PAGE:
While some have speculated on ACCC reform, the ACCC remains one of the best competition agencies in the world. In 2003, the so-called 'Dawson Committee' undertook a detailed review of the ACCC's functions and powers. That Committee was generally dismissive of proposals for greater reforms to the ACCC at that time.

A more likely outcome will be that the Review will recommend fixes for some important ACCC processes. Of these, the formal merger review process is an obvious candidate for further reform. That process was enacted in 2005, but has never been used, largely due to its perceived inflexibility. The recent experience in the application for merger authorisation by the Murray Goulburn Co-operative may also result in refinements to the merger authorisation procedure.

Competition law reforms may involve a welcome 'trim'

There is welcome scope for fine-tuning Australia's competition laws.

While some have joked that our competition laws rival our tax legislation for their excessive complexity, Australia's competition laws remain some of the best in the world. From 1974, Australia adopted a unique approach that blended the best elements of competition laws in Europe and the United States. Australian competition laws are widely regarded as highly effective and consistent with international best practice. The review is unlikely to recommend a substantive redraft.

However, some provisions of the CCA have been the subject of regular criticism. Other provisions of the CCA were enacted in reaction to historic political concerns and have rarely been used. We suspect these provisions are likely to be the primary focus of the Review. In effect, the 'root and branch' review may provide the opportunity for a welcome 'trim'.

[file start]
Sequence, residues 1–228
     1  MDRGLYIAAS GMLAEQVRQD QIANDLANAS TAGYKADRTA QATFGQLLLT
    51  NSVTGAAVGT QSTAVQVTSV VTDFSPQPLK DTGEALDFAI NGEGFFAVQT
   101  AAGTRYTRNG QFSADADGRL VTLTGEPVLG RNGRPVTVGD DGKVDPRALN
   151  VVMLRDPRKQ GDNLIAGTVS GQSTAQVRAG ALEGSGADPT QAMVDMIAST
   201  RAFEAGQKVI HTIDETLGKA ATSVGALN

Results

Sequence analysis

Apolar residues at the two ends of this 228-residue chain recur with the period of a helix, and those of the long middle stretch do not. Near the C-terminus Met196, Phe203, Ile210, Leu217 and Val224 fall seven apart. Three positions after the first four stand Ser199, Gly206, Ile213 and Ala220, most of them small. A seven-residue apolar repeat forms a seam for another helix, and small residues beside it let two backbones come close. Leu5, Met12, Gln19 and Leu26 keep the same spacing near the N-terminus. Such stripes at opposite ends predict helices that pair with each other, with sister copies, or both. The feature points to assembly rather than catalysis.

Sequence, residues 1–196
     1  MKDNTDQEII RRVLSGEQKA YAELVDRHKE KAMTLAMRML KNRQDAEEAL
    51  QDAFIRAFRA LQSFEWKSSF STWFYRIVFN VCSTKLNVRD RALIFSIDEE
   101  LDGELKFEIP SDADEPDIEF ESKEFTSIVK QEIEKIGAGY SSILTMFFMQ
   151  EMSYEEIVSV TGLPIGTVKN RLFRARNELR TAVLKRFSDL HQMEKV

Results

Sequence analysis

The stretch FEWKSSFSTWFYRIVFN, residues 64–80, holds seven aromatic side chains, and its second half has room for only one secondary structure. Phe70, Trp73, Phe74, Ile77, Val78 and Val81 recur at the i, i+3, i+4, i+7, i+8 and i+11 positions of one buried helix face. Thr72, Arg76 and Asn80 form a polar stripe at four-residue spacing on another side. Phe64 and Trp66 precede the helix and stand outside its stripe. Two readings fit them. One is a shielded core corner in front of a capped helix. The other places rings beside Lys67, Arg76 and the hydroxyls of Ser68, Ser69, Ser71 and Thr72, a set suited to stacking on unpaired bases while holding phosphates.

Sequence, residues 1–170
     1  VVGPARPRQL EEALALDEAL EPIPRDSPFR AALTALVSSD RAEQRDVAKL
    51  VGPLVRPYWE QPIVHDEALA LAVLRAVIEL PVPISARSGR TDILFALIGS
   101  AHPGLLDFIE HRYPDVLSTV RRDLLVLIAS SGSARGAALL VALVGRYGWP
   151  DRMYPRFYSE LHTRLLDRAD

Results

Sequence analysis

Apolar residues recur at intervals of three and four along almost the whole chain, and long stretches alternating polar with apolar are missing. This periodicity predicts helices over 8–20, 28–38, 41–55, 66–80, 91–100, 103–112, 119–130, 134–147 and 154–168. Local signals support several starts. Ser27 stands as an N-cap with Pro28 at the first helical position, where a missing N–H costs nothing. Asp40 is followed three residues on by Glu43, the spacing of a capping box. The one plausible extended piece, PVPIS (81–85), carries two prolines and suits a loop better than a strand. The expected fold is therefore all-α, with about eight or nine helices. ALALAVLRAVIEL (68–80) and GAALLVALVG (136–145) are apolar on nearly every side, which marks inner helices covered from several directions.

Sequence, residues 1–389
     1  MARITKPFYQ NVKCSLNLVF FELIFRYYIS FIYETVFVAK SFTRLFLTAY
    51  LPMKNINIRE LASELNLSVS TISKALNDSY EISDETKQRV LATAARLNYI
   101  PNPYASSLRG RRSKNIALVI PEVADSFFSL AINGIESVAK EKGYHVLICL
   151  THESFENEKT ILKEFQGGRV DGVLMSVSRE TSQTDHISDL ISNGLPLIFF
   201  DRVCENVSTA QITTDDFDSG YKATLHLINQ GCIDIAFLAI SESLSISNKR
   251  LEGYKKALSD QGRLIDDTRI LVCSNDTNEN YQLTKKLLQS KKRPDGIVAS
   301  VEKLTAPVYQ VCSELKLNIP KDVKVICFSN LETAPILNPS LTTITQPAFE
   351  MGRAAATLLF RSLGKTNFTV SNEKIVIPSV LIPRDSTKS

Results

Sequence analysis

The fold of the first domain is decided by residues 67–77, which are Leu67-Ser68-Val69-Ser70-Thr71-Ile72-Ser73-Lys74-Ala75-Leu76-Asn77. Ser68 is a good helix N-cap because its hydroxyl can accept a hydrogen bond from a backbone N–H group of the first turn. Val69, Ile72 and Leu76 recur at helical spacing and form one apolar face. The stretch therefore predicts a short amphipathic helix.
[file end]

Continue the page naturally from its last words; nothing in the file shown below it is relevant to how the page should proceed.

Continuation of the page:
Some important examples are set out below:

Provision Likely approach of Review
Misuse of market power The Dawson Review in 2003 recommended no amendment after detailed consideration. Subsequent amendments were made to s46 addressing below cost pricing, known as the Birdsville Amendments. These amendments have been widely criticised. We would expect the Review to recommend simplification to s46 to address that criticism.
Price signalling Concerns regarding tacit co-ordinated conduct in the banking sector lead to the enactment of provisions regulating price signalling in 2012. These provisions apply only in the banking sector and have also been criticised. The Review may consider whether an alternative approach is desirable.
Third line forcing Australia's third line forcing provisions remain inconsistent with international best practice. The Dawson Review recommended a competition test be applied, but that recommendation was not adopted. We would expect the Review to make a similar recommendation.
Joint venture defence Australia applies a joint venture defence in the context of the per se prohibitions relating to cartel provisions and exclusionary provisions. However, the defences are inconsistent and differ from the approach used overseas. The Review may consider a more harmonised approach.
Exclusionary provisions Concerns remain regarding the drafting of the prohibition on exclusionary provisions in Australia given its 'per se' application. An overlap exists between exclusionary provisions, cartel provisions and exclusive dealing. The Review may revisit the Dawson Committee's recommendations to soften this prohibition and may consider the utility of the current drafting
Cartel provisions Concerns have been expressed at the excessive complexity of some parts of the CCA, including the cartel provisions. We suspect some attention could be given to simplifying the drafting. However, given the fundamental importance of these provisions it is unlikely they will be substantively reformed.

Importantly, the Review has been expressly asked to consider the continued relevance of the various exemptions contained in the CCA. We therefore expect a careful review of the nature of those exemptions, including potentially for intellectual property and liner shipping. The express mention of parallel importing in the terms of reference suggests that the historic conclusions of the Ergas Report on Intellectual Property and Competition Policy in 2000 may be revisited.